The lumber price hikes are making just about everything made of wood more expensive.

“A single-family house has gone up about $27,000 in the past couple of months just because of the materials,” Cipoletti said. “So, when it costs you $27,000 more and you still have to make your overhead, it’s making it impossible.”

And while the recent spike in demand for remodeling has been a boon to companies like East Meadow-based Alure Home Improvements, owner Sal Ferro has been sticking to prior job quotes and absorbing most of the price increases.

“If I sign a contract today for a job that includes a room addition, a dormer extension, a house remodel, by the time that goes through the permit process, it can be six or eight months, maybe longer,” Ferro said. “So, we’re doing projects that we quoted quite a long time ago with today’s lumber prices. It’s really having an effect on our bottom line.”

For local suppliers like Riverhead Building Supply, the price hikes have rankled customers.

“Customers are concerned,” says Greg Goodale, who handles purchasing for the family-owned business that began in 1948. “They ask ‘What did I bid this at and what am I going to be able to purchase it for?’ And will there be any delays in getting the materials?”

Goodale added that robust demand for home remodeling and new home construction from all over the country is driving the price hikes and material shortages.

“Almost every single product that we sell through our location has had a price increase in the last six months, if not two or three price increases, and they continue to come even as we speak,” Goodale said.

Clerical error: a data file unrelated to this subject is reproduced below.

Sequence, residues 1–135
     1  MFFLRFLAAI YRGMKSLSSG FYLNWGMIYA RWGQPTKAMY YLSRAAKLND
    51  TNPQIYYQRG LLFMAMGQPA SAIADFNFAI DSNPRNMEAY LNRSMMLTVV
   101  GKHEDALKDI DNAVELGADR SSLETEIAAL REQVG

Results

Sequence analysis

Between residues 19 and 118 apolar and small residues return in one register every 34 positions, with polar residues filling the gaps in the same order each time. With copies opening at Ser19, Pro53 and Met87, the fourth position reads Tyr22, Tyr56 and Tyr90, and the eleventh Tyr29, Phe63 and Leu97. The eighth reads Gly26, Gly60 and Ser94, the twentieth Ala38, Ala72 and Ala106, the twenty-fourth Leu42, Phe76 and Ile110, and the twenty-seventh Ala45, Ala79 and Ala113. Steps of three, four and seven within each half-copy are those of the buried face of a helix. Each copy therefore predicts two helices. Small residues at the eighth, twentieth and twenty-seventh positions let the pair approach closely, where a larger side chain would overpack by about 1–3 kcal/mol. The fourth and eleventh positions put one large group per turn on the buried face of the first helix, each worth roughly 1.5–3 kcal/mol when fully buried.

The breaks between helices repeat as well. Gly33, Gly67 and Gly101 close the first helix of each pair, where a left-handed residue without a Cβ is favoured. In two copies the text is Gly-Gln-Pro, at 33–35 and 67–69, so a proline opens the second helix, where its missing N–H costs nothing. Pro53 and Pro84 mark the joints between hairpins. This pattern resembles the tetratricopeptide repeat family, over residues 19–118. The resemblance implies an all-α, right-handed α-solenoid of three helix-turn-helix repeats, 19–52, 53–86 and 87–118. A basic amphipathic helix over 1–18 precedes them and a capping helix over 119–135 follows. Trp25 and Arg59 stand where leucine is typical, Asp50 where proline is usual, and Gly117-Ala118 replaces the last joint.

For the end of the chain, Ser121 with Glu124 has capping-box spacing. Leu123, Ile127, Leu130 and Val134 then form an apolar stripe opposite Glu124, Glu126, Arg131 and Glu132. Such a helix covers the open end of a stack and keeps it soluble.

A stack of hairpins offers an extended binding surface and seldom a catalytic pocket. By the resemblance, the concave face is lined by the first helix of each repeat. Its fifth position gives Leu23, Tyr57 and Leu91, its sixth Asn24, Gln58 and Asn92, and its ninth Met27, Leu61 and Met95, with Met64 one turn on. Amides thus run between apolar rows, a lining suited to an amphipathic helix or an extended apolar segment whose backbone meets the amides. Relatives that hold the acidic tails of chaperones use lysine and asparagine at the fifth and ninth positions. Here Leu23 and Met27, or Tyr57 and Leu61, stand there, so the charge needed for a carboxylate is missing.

Meanwhile, Ferro says this has been “the most difficult time” in his 40 years in business, as the lumber hikes threaten to splinter relationships with customers.

“You’re balancing as much as you can because you want to work with your homeowners, those clients are going to be with you for life and the best part about that is they keep calling you,” Ferro said. “If you do right by them, they’ll do right by you, but there comes a point where the return is getting hit hard by these price increases and where’s the relief?”

Cipoletti says the issues with the lumber industry are unprecedented.

“What’s happening now, for the first time, is the lumber supplier calls me and says he can’t honor the contract,” he said. “I said what do you mean you can’t honor the contract? He said ‘What are you going to do? You can sue me or we can try to figure something out.’”

Calvosa said something must be done.

“There are a number of issues that are keeping lumber from being less expensive,” he said. “They have to eliminate these tariffs with Canada that came out of the Trump administration. And production in the U.S. has to increase. Our harvesters are really hurting.”

Pally said LIBI is working on it.

“We have raised these issues with our national association, because it’s not just a Long Island issue and with Senator Schumer and his staff and they’ve promised us that they will investigate and look into it,” Pally said.

“Unfortunately, there’s no single bullet. It’s not like there’s a bill where if it passes it’s all taken care of. There are a variety of issues on why it’s occurring, and there’s going to have to be a variety of remedies.”